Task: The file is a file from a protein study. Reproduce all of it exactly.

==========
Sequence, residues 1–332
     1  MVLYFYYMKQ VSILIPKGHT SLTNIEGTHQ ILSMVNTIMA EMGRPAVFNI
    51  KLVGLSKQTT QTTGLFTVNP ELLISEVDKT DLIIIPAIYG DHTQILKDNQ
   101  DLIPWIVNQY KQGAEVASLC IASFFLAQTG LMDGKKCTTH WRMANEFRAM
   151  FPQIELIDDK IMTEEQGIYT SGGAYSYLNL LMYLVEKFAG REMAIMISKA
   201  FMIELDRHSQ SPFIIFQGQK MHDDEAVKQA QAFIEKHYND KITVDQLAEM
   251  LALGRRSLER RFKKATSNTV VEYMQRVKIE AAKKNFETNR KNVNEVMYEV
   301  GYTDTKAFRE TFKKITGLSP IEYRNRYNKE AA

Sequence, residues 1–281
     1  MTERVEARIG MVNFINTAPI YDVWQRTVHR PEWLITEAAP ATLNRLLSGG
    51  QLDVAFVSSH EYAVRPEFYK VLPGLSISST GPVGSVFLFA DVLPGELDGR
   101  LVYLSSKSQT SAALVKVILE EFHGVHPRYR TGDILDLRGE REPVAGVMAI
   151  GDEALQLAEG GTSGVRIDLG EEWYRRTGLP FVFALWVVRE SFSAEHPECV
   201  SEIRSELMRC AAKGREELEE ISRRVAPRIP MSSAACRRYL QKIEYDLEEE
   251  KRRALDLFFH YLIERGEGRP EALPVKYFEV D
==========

Sequence, residues 1–332
     1  MVLYFYYMKQ VSILIPKGHT SLTNIEGTHQ ILSMVNTIMA EMGRPAVFNI
    51  KLVGLSKQTT QTTGLFTVNP ELLISEVDKT DLIIIPAIYG DHTQILKDNQ
   101  DLIPWIVNQY KQGAEVASLC IASFFLAQTG LMDGKKCTTH WRMANEFRAM
   151  FPQIELIDDK IMTEEQGIYT SGGAYSYLNL LMYLVEKFAG REMAIMISKA
   201  FMIELDRHSQ SPFIIFQGQK MHDDEAVKQA QAFIEKHYND KITVDQLAEM
   251  LALGRRSLER RFKKATSNTV VEYMQRVKIE AAKKNFETNR KNVNEVMYEV
   301  GYTDTKAFRE TFKKITGLSP IEYRNRYNKE AA

Sequence, residues 1–281
     1  MTERVEARIG MVNFINTAPI YDVWQRTVHR PEWLITEAAP ATLNRLLSGG
    51  QLDVAFVSSH EYAVRPEFYK VLPGLSISST GPVGSVFLFA DVLPGELDGR
   101  LVYLSSKSQT SAALVKVILE EFHGVHPRYR TGDILDLRGE REPVAGVMAI
   151  GDEALQLAEG GTSGVRIDLG EEWYRRTGLP FVFALWVVRE SFSAEHPECV
   201  SEIRSELMRC AAKGREELEE ISRRVAPRIP MSSAACRRYL QKIEYDLEEE
   251  KRRALDLFFH YLIERGEGRP EALPVKYFEV D